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High Collar of Doom

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Who wears the evilest collar of them all?

"I think my favorite part of his costume is his giant, four-foot wingspan, hang-glider collar. Why can't I ever find a lab coat with one of those?"

The high, turned-up collar is synonymous not only with Classical Movie Vampires, but with Obviously Evil villainy in general.

This began when Dracula was adapted into a stage play, and Bela Lugosi famously played the count wearing an Ominous Opera Cape with the collar upturned, so that he could just turn around into the shadows, and the collar and blackness of the long cape made him seem to disappear. When it was made into a film, the effect was redundant, but Lugosi kept the collar of the cape up just for the appearance, and it became iconic.

It's usually paired with a long, flowing cape, but it's not necessary.

Even Evil Queens and Daddy's Little Villains can wear collars like this, although they are sometimes more extravagant than when male villains wear them.

Also note that heroes are not excluded from wearing high collars, it's just not a sign of evil when they do it.

A Sister Trope to Mystical High Collar (and overlaps with mystical villains), Ominous Opera Cape (and is often paired with this trope, as was codified by Lugosi's performance).

Compare Badass Cape, Spikes of Villainy.


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    Anime and Manga 
  • Oda Nobunaga from Battle Girls: Time Paradox wore a dark cape with a high collar.
  • In Berserk, Void has a mantle that includes a high, sinister collar.
  • Bleach:
    • Nnoitra has a collar that resembles a spoon. It's easily twice the size of his head.
    • Several Stern Ritter have high collars.
  • In Casshern Sins, Dio and Leda wear suits with high collars. Casshern does too but is ultimately a subversion, though he was evil in the past.
  • Lelouch as Zero wore a cape with a high collar in Code Geass, which is an early sign Zero is not the white knight hero Lelouch passes him off as.
  • Skull, the leader of the Black Ghost organization, wears one in Cyborg 009.
    • The Knights of the Round also wear high collars, and they are the elite forces of The Empire. Okay, one of the members is a good guy, but the rest count, and this is a Black-and-Gray Morality series.
  • Madame Suliman of Howl's Moving Castle wears a dress with a fur-trimmed high collar. She's more antagonistic than villainous, but still pretty dangerous when the protagonists cross her.
  • Houka Inumuta of Kill la Kill. All versions of his stylized uniform feature a high collar that can snap shut in the front, and when he is not speaking his collar covers his mouth. This, along with his Stoic Spectacles, gives him an aloof and detached appearance. This is fitting, since he is The Smart Guy of the team; his greatest weapon is his technological skill, so he sometimes takes the role of Non-Action Guy. In his nerdier moments, Inumuta straddles the border between Mystical High Collar and Dork in a Sweater.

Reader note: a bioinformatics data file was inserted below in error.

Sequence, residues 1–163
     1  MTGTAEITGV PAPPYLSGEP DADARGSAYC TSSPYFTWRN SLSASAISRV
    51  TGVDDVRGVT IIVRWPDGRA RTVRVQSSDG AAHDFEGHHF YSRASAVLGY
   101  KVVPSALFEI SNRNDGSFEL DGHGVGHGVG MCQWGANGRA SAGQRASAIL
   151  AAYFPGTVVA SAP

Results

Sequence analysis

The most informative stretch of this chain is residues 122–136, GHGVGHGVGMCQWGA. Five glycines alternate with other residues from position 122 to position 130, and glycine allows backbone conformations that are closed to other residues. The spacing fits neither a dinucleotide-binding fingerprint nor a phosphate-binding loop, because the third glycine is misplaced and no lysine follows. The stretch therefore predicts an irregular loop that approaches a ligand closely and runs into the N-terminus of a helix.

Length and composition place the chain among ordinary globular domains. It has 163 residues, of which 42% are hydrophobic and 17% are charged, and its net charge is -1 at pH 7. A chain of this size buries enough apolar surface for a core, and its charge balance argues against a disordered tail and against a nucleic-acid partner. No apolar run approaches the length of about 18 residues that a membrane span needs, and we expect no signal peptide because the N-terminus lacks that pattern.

• Croix Meridies in Little Witch Academia (2017) wears a really high collar which seems to just scream her impending antagonist role.
  • In Naruto, the Akatsuki uniform has a ridiculously high collar. Practically speaking, it might be intended to reduce the ability of people to identify their faces when traveling or serving as mercenaries.
    • In particular, Zetsu's venus flytrap-like covering can act as a large, menacing one.
    • Sasuke's third Part Two outfit has one as well. Considering how almost all of the Uchiha wore high collars, it was not surprising.
  • One Piece provides us with Gekko Moriah, who had a spiked high collar. Fits very well with his obvious horror theme.
  • Science Ninja Team Gatchaman:
    • Berg Katse has a nice high and wide collar, with red lining. Some of his captains have high collars as well.
    • In Gatchaman Fighter, Egoblosser has a high collar on his nice coat.
  • Lord Grandfather, The Patriarch of the titular Shadows House wears the coat with a collar so high, his head is completely obscured.
  • Folken of The Vision of Escaflowne combines this with Shoulders of Doom and All-Encompassing Mantle for the complete villain look.
  • Voltes V: The Evil Prince Heinel's mantle is adorned with mink at every hem except the collar, which fans out around his neck and resemble the points of a snowflake.
  • Mushiban, the main villain in the Yes! Pretty Cure 5 Go Go! movie, wears a cape with a collar like this.
  • In Zatch Bell! the main antagonist Zofis wears robe with high collar.

    Comic Books 
  • The Avengers: The Vision... sort of. His design up until the 2010s includes a large flared collar that goes up to his ears, having started off as a reluctant minion for Ultron until he turned on him. Evidently Vis just liked the look and kept it, though it does help play into the recurring theme of Vision unintentionally unsettling people.
  • Batman:
    • Ra's al Ghul's most common outfit has a high collar. Although he is a terrorist and assassin, he has an air of nobility about him.
    • In Alternate Continuities and futures where he becomes Batman, Damian Wayne's Batsuit frequently features a high collar, such as in Batman: Urban Legends, Super Sons, and Injustice 2. This feature is perhaps a nod to his maternal grandfather, the aforementioned Ra's al Ghul, and to reflect the fact that he tends to exhibit more violent tendencies than his father.